a traitor. And what saith He to them? He presently charges them, saying,

“Go not into the way of the Gentiles, and into any city of the
Samaritans enter ye not; but go rather to the lost sheep of the house of

“For think not at all,” saith He, “because they insult me,
and call me demoniac, that I hate them and turn away from them. Nay, as I
sought earnestly to amend them in the first place, so keeping you away
from all the rest, to them do I send you as teachers and physicians. And I
not only forbid you to preach to others before these, but I do not suffer
you so much as to touch upon the road that leads thither, nor to enter
into such a city.” Because the Samaritans too are in a state of
enmity with the Jews. And yet it was an easier thing to deal with them,
for they were much more favorably disposed to the faith; but the case of
these was more difficult. But for all this, He sends them on the harder
task, indicating his guardian care of them, and stopping the mouths of the
Jews, and preparing the way for the teaching of the apostles, that people
might not hereafter blame them for “entering in to men
uncircumcised,” and think they had a just cause for shunning and
abhorring them. And he calls them “lost,” not “stray,”
“sheep,” in every way contriving how to excuse them, and whining
their mind to himself.

6. “And as ye go,” saith He, “preach, saying, The kingdom
of Heaven is at hand.”

Seest thou the greatness of their ministry? Seest thou the dignity of
apostles? Of nothing that is the object of sense are they commanded to
speak, nor such as Moses spake of, and the prophets before them, but of
some new and strange things. For while the former preached no such things,
but earth, and the good things in the earth, these preached the kingdom of
Heaven, and whatever is there.

And not from this circumstance only were these the greater, but also from
their obedience: in that they shrink not, nor are they backward, like
those of old; but, warned as they are of perils, and wars, and of those
insupportable evils, they receive with great obedience His injunctions, as
being heralds of a kingdom.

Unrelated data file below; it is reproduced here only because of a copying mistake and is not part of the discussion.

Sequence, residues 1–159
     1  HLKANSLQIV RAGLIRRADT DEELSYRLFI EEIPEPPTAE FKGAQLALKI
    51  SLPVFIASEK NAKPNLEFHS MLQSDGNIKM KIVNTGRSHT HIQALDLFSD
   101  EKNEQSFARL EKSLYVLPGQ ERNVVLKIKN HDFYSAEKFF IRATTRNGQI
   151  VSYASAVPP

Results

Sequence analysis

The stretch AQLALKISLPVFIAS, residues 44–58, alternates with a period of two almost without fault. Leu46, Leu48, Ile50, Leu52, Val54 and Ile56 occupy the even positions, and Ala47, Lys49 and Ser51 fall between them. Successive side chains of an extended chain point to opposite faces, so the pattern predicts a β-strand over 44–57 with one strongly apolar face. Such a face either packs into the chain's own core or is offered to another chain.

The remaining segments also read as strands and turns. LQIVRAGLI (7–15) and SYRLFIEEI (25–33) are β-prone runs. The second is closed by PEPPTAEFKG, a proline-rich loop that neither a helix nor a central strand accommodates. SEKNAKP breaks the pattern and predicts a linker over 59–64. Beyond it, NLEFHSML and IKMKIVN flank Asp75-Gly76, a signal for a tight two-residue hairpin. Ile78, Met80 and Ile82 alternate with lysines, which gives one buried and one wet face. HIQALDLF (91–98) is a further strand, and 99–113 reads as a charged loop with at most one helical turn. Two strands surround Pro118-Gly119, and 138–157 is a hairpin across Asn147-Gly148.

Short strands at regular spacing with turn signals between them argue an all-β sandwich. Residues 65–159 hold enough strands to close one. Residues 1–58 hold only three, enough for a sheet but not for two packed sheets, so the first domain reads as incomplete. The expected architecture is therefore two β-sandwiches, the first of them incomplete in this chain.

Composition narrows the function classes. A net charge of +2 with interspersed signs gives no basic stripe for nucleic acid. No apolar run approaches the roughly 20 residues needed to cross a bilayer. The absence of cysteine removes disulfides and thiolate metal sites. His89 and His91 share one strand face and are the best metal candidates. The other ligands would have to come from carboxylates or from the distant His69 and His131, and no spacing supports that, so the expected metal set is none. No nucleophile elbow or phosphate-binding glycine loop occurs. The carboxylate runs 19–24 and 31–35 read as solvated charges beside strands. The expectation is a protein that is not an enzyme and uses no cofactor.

“And what marvel,” saith one, “if having nothing to preach
that is dismal or grievous, they readily obeyed?” What sayest thou?
nothing grievous enjoined them? Dost thou not hear of the prisons, the
executions, the civil wars, the hatred of all men? all which, He said a
little while after, they must undergo. True, as to other men, He sent them
to be procurers and heralds of innumerable blessings: but for themselves,
He said and proclaimed beforehand, that they were to suffer terrible and
incurable ills.

After this, to make them trustworthy, He saith,

“Heal the sick, cleanse the lepers, cast out devils: freely ye have
received, freely give.”

See how He provides for their conduct, and that no less than for their
miracles, implying that the miracles without this are nothing. Thus He
both quells their pride by saying, “Freely ye have received, freely
give;” and takes order for their being clear of covetousness.
Moreover, lest it should be thought their own work, and they be lifted up
by the signs that were wrought, He saith, “freely ye have
received.” “Ye bestow no favor on them that receive you, for not
for a price did ye receive these things, nor after toil: for the grace is
mine. In like manner therefore give ye to them also, for there is no
finding a price worthy of them.”

7. After this plucking up immediately the root of the evils, He saith,

“Provide neither gold, nor silver, nor brass in your purses, nor
scrip for your journey, neither two coats, neither shoes, nor yet a

He said not, “take them not with you,” but, “even if you
can obtain them from another, flee the evil disease.” And you see
that hereby He was answering many good purposes; first setting His
disciples above suspicion; secondly, freeing them from all care, so that